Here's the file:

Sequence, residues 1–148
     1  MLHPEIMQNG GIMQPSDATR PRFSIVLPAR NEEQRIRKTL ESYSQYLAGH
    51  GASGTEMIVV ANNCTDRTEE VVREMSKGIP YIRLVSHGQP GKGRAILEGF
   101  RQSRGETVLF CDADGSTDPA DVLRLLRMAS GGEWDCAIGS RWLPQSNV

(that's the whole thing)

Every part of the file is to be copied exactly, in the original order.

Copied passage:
Sequence, residues 1–148
     1  MLHPEIMQNG GIMQPSDATR PRFSIVLPAR NEEQRIRKTL ESYSQYLAGH
    51  GASGTEMIVV ANNCTDRTEE VVREMSKGIP YIRLVSHGQP GKGRAILEGF
   101  RQSRGETVLF CDADGSTDPA DVLRLLRMAS GGEWDCAIGS RWLPQSNV